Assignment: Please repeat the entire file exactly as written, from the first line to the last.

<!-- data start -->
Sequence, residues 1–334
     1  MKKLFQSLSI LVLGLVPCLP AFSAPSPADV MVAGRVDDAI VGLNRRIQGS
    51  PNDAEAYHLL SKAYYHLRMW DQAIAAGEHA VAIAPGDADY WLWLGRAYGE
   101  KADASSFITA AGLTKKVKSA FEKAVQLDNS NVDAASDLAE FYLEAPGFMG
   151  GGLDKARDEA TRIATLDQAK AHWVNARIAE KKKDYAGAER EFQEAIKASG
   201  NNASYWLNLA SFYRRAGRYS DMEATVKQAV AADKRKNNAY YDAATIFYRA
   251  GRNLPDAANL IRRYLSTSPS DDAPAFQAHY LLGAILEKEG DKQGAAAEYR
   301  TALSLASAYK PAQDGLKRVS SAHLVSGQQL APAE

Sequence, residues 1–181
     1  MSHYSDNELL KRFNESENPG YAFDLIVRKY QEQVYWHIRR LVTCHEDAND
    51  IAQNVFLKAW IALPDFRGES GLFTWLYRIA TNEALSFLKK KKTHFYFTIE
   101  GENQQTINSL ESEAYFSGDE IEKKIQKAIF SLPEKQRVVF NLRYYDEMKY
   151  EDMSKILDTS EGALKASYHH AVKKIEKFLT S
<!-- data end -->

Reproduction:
Sequence, residues 1–334
     1  MKKLFQSLSI LVLGLVPCLP AFSAPSPADV MVAGRVDDAI VGLNRRIQGS
    51  PNDAEAYHLL SKAYYHLRMW DQAIAAGEHA VAIAPGDADY WLWLGRAYGE
   101  KADASSFITA AGLTKKVKSA FEKAVQLDNS NVDAASDLAE FYLEAPGFMG
   151  GGLDKARDEA TRIATLDQAK AHWVNARIAE KKKDYAGAER EFQEAIKASG
   201  NNASYWLNLA SFYRRAGRYS DMEATVKQAV AADKRKNNAY YDAATIFYRA
   251  GRNLPDAANL IRRYLSTSPS DDAPAFQAHY LLGAILEKEG DKQGAAAEYR
   301  TALSLASAYK PAQDGLKRVS SAHLVSGQQL APAE

Sequence, residues 1–181
     1  MSHYSDNELL KRFNESENPG YAFDLIVRKY QEQVYWHIRR LVTCHEDAND
    51  IAQNVFLKAW IALPDFRGES GLFTWLYRIA TNEALSFLKK KKTHFYFTIE
   101  GENQQTINSL ESEAYFSGDE IEKKIQKAIF SLPEKQRVVF NLRYYDEMKY
   151  EDMSKILDTS EGALKASYHH AVKKIEKFLT S